Listening for God, Last Epiphany (C) – 2016

[RCL] Exodus 34:29-35; 2 Corinthians 3:12-4:2; Luke 9:28-36, [37-43a]; Psalm 99

In the coming week, churches around the world will undergo a transformation of sorts, as the liturgical calendar moves from the season after Epiphany to the season of Lent. Our praise-filled shouts of “Alleluia!” will give way to Lent’s solemn petition, “Lord have mercy.” Many churches will retire their finest brass and festive hangings in favor of simpler and more contemplative fixtures. And the lectionary will lead us down from the mountaintop where the transfigured Christ is revealed in glory, through the valley of the shadow of death, and ultimately to Jerusalem where the cross and tomb await.

Lent weighs heavily on us. It urges us to recall the suffering and death of our Lord. So, in many ways, we arrive at this final Sunday before Lent with a mix of anticipation and anxiety, a combination of joy and dread. It is no accident, then, that every year on this Sunday, we hear again the story of Christ’s transfiguration on the mountaintop because, at the heart of this story, we find these all-too-familiar feelings: anticipation diluted by anxiety and joy thinned by dread.

Luke’s Gospel tells us that Jesus summons Peter, James, and John to the mountaintop. Without getting our contextual bearings, we may be tempted to believe that the chosen disciples happily agreed and gleefully followed Jesus without reservation. However, we must recall that just a few verses earlier in chapter 9, Jesus tells the disciples that he must undergo great suffering, be rejected, killed, and then rise from the dead.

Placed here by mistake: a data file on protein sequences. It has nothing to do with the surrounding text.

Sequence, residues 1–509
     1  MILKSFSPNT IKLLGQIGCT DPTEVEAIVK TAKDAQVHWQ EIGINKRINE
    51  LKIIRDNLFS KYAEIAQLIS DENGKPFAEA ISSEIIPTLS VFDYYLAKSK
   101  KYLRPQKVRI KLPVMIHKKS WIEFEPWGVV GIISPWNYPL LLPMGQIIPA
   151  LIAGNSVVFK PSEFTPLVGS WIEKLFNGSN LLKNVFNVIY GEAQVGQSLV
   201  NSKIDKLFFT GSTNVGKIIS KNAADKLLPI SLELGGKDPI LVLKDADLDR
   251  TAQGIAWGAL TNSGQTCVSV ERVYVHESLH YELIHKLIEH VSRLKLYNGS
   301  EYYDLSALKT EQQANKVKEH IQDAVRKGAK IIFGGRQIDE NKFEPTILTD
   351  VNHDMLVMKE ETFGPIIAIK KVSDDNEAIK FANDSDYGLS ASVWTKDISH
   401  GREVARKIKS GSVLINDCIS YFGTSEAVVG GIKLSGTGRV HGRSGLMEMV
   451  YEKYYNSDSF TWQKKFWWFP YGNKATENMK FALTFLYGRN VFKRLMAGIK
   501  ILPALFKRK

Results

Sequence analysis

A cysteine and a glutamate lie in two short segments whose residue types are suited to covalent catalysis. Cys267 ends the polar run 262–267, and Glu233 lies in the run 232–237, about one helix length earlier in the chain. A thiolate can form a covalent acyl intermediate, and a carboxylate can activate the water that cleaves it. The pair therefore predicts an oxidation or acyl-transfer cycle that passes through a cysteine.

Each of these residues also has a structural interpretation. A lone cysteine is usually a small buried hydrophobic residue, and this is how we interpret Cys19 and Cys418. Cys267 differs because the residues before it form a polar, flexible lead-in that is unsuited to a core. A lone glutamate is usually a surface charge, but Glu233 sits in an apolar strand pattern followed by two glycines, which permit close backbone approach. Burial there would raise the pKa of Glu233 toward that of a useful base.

“If any want to become my followers,” Jesus says, “let them deny themselves and take up their cross daily and follow me. For those who want to save their life will lose it, and those who lose their life for my sake will save it.” As Peter, James, and John journey with Jesus to the mountaintop, they are forced to come to grips with the horrifying truth that Jesus, their beloved friend and leader, must suffer and die!

When they reach the top of the mountain, the Gospel tells us that Jesus was transfigured before them and Moses and Elijah appeared. As the disciples beheld their Lord, they realized that they were in the very presence of God. But even in this incredible moment of divine transfiguration, Peter could not forget what Jesus had told them before they came to the mountain.

“Master, it is good for us to be here,” Peter petitions, “Let us make three dwellings, one for you, one for Moses, and one for Elijah.”

At some level, most of us can’t help but sympathize with Peter. Who among us would knowingly submit our self or our loved ones to pain and suffering? Peter’s efforts to protect Jesus are undoubtedly acts of love and devotion – but they are also acts couched in Peter and the disciples’ need for safety and security. They had seen a glimpse of God’s glory in the face of Jesus, and they wanted desperately to hold onto it, to protect it.

But the moment that Peter gets into cahoots with James and John to try and hold onto and protect Jesus, is the moment that a voice from above breaks in, proclaiming: “This is my Son, my chosen; listen to him!”